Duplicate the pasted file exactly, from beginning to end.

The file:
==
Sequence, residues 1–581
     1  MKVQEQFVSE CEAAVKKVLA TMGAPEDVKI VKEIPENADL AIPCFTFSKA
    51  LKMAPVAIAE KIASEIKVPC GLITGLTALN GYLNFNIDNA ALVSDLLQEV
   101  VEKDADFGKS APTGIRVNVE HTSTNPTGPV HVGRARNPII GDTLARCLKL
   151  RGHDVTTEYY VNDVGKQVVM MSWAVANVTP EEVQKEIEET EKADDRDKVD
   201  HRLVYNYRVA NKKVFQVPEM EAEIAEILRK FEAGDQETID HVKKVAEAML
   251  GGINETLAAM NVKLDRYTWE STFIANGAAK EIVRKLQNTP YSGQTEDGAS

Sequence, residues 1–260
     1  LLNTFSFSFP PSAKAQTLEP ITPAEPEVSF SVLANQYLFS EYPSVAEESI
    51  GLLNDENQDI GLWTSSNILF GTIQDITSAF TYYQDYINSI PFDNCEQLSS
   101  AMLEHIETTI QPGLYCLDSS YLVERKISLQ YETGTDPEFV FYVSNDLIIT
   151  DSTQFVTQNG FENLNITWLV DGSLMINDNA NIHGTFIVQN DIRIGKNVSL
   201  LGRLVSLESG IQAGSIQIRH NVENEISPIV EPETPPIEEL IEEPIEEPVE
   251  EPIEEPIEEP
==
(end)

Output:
Sequence, residues 1–581
     1  MKVQEQFVSE CEAAVKKVLA TMGAPEDVKI VKEIPENADL AIPCFTFSKA
    51  LKMAPVAIAE KIASEIKVPC GLITGLTALN GYLNFNIDNA ALVSDLLQEV
   101  VEKDADFGKS APTGIRVNVE HTSTNPTGPV HVGRARNPII GDTLARCLKL
   151  RGHDVTTEYY VNDVGKQVVM MSWAVANVTP EEVQKEIEET EKADDRDKVD
   201  HRLVYNYRVA NKKVFQVPEM EAEIAEILRK FEAGDQETID HVKKVAEAML
   251  GGINETLAAM NVKLDRYTWE STFIANGAAK EIVRKLQNTP YSGQTEDGAS

Sequence, residues 1–260
     1  LLNTFSFSFP PSAKAQTLEP ITPAEPEVSF SVLANQYLFS EYPSVAEESI
    51  GLLNDENQDI GLWTSSNILF GTIQDITSAF TYYQDYINSI PFDNCEQLSS
   101  AMLEHIETTI QPGLYCLDSS YLVERKISLQ YETGTDPEFV FYVSNDLIIT
   151  DSTQFVTQNG FENLNITWLV DGSLMINDNA NIHGTFIVQN DIRIGKNVSL
   201  LGRLVSLESG IQAGSIQIRH NVENEISPIV EPETPPIEEL IEEPIEEPVE
   251  EPIEEPIEEP